Yesterday, I read a really interesting post by one of my favorite undergrad profs, Michael Berube. In this post, he questions why people in the Democratic party (the DLC is a prominent example) and on the left keep insisting that we need to show a greater respect for religion in the political system. His basic point is that religion gets plenty of respect (he cites statistics that while 95 percent of people would vote for a Catholic for president, only 45 percent would vote for an atheist), that statements of religious conviction are most often used as a conversation stopper, and so he’s wondering what is really motivating these claims:
But I see no evidence whatsoever that “persons of faith” are discouraged in any way from testifying to their faith in American political life, which is why complaints about Democrats’ indifference or hostility to religion strike me as so very disingenuous. These complaints can’t possibly be about hostility to religion in American politics, I think. And when they come from the left side of the spectrum, they can’t possibly be about trying to win over voters on the religious right. Nor do they seem to be centrally concerned about issues of war and peace — or even the minimum wage. Nor do I see religious progressives arguing for greater discrimination against gays and lesbians. So I’m left to wonder: is this conversation-stopping conversation all about abortion, in the end? Because when political liberals and moderates ask atheists like me to give even more weight to religious beliefs in the public square, I can hardly believe that they’re merely asking me to reply, “gee, I’m impressed — you have a really deep, sincere faith.”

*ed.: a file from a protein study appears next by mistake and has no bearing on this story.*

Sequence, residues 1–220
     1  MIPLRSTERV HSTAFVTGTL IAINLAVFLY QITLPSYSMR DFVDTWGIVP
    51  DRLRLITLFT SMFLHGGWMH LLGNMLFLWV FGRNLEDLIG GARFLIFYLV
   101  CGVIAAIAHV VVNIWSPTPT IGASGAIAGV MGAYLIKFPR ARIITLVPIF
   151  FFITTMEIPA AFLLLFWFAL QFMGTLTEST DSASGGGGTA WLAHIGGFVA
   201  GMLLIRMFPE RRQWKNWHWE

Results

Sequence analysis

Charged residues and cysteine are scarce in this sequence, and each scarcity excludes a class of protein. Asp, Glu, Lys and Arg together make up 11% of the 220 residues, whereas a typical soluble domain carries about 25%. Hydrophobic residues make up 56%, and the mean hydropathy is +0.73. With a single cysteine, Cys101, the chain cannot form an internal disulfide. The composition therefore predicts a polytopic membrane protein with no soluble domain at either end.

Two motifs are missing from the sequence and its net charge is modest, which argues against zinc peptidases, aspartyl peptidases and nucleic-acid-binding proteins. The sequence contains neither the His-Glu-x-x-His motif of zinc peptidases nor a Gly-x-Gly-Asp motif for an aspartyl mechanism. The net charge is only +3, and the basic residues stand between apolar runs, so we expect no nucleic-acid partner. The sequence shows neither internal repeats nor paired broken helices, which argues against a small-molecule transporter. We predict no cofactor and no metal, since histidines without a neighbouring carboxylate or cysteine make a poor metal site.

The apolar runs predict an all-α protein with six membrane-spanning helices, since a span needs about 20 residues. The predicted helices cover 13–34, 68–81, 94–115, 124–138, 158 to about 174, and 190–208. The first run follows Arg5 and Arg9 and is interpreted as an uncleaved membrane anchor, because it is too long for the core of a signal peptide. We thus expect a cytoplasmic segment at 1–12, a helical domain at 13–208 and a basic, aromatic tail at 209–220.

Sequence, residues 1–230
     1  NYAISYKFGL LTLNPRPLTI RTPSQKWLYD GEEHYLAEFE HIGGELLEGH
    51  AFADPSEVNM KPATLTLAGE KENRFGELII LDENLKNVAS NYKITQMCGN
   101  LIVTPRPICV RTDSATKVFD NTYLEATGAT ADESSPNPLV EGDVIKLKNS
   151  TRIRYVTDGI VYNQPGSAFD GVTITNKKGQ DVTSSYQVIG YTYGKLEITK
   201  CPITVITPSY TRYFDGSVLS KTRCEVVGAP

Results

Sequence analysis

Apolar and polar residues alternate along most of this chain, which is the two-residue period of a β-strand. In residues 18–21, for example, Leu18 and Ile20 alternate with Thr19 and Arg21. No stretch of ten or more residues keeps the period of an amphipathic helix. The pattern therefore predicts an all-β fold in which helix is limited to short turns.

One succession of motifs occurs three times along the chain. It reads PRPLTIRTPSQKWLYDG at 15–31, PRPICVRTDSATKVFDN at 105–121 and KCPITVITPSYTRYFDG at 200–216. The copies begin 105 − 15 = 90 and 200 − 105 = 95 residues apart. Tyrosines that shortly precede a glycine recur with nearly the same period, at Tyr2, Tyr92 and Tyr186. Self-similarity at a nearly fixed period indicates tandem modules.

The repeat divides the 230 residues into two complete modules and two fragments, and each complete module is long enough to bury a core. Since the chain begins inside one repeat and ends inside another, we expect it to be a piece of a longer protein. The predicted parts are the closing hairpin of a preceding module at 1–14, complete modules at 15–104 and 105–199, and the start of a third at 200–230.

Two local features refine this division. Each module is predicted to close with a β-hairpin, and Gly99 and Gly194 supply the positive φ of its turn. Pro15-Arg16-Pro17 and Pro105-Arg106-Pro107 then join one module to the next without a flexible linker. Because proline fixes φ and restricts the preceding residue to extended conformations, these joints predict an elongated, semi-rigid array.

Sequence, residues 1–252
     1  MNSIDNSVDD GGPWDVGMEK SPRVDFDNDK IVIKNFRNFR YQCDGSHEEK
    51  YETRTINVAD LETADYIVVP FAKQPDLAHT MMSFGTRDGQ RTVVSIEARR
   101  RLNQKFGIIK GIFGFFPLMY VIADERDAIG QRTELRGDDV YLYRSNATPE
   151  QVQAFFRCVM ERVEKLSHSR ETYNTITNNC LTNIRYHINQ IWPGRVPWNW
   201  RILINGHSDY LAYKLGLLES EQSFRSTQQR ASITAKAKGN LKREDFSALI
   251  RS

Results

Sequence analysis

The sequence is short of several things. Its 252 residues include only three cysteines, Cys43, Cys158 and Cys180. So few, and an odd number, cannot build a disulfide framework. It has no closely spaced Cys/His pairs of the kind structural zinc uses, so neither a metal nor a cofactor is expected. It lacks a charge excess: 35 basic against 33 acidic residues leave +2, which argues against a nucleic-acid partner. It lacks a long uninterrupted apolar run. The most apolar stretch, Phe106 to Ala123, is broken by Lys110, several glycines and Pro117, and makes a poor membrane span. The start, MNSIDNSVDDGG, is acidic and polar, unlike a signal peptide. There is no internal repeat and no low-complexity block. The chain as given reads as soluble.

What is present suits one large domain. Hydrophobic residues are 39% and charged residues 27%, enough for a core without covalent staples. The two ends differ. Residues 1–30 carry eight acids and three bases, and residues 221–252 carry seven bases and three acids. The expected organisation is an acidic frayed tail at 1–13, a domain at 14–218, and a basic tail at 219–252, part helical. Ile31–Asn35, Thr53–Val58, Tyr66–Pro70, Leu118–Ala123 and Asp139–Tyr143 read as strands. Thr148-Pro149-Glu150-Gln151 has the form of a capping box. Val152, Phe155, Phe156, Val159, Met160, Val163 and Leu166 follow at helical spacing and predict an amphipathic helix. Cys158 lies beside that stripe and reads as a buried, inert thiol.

Go read the post because my summary is not really doing it justice.
In my favorite comment, Abbey Kelleyite argues that (1) religious people are often irritated by atheist conclusions that faith is in conflict with reason, and that (2) perhaps Berube is underestimating the need to appeal to moderates and swing voters.
My sense of the matter was along the lines of Abbey: that religious moderates are bothered as much by getting lumped in with fundamentalists (translation: religious crazies) as they are with fundamentalists themselves, and that secularists/atheists/agnostics/etc should differentiate between fundamentalists and those who want to make some of their political decisions using their religious morality.
So, anyway, I’m really interested in what the rest of y’all have to say (especially our moderate readers who may feel “disrespected”). Are there anti- or non-religious discourses that bother you, and if they do exist, why do they bother you?
Generally, what do y’all make of the conclusions in Berube’s post? How do you make sense of the different arguments about religion in leftist political discourse?
- 6 April 2007